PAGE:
A wave of reflation bets sweeping across global markets is prompting traders to brace for an end to the low interest-rate regime earlier than expected. The rate on 10-year U.S. Treasury note rose 1.394% overnight, the highest in almost a year. The ramp-up in inflation expectations intensified a selloff in Treasuries sending the gap between the 5- and 30-year yields to the widest since October 2014 and bringing forward expectations for U.S. rate hikes to as early as mid-2023. That’s reverberating across assets with stocks trading lower and driving commodity prices higher.  Former U.S. Treasury Secretary Lawrence Summers warned that the Federal Reserve will likely be pressured into raising interest rates sooner than markets expect, and perhaps as early as next year. An overheating economy and rising prices could force the Fed’s hand, Summers said in an interview with David Westin for Bloomberg Television’s Wall Street Week. Summers, a top official in the past two Democratic administrations, has emerged as one of the leading critics among Democratic-leaning economists of Biden’s $1.9 trillion pandemic plan.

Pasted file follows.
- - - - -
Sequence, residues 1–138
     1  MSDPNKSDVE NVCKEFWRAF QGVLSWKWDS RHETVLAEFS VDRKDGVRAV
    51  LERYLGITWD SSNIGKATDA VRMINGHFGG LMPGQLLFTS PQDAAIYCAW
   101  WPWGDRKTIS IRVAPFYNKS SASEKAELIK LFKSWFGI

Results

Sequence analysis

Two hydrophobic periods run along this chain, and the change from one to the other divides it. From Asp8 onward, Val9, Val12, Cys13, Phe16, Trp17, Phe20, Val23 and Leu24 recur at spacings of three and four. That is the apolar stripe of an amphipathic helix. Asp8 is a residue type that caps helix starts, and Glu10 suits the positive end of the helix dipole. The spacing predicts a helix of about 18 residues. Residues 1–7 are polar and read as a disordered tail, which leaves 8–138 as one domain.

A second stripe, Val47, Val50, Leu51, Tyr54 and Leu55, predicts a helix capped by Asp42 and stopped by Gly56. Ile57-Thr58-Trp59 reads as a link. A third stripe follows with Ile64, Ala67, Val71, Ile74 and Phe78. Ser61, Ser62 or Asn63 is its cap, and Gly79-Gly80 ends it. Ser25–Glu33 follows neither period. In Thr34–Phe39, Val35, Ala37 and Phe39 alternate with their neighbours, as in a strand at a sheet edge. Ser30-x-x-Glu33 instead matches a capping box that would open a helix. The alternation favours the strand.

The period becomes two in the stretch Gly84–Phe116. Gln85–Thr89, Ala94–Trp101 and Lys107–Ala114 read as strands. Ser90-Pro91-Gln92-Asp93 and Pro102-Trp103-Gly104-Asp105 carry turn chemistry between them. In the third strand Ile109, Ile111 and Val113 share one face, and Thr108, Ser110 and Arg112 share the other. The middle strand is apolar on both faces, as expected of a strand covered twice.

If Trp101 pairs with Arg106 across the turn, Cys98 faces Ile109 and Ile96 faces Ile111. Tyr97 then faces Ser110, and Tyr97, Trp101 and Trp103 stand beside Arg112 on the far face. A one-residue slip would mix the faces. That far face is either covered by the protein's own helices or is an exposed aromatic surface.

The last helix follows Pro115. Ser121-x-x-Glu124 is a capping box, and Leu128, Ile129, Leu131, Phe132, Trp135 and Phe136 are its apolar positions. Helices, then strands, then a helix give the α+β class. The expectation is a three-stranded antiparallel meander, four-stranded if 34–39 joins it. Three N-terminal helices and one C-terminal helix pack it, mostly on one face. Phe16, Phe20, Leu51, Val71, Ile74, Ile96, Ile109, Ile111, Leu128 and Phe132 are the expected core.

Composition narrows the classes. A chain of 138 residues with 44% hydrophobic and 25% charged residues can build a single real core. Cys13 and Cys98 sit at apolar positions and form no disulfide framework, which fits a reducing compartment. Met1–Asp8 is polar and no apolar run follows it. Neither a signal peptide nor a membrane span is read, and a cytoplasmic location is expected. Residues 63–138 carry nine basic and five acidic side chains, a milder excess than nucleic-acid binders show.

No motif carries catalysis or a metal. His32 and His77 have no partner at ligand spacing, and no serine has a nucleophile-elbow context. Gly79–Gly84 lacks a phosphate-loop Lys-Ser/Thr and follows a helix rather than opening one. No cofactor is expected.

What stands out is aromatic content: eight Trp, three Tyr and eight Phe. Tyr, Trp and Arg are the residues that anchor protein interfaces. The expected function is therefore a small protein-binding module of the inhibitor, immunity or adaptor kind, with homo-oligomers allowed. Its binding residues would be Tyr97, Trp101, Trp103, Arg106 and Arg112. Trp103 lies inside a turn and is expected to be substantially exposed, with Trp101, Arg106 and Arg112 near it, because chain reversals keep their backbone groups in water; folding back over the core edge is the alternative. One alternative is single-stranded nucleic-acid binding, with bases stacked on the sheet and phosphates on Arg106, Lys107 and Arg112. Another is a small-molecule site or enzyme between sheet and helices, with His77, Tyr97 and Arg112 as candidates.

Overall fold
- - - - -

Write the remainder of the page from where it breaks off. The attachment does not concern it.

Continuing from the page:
U.S. virus herd immunity is being predicted by April, according to Dr. Marty Makary, a professor at the Johns Hopkins School of Medicine and Bloomberg School of Public Health, chief medical adviser to Sesame Care. In an opinion item in the Wall Street Journal, he notes that Covid cases have dropped 77% in six weeks and that experts should level with the public about the good news.

CORN: May corn futures were well contained inside the prior week’s range last week and a move outside of the $5.72 to $5.23 1/4 will likely set near-term direction after closing at $5.41 3/4 on Friday. Old-crop/new-crop spread activity last week also warns of declining upside momentum.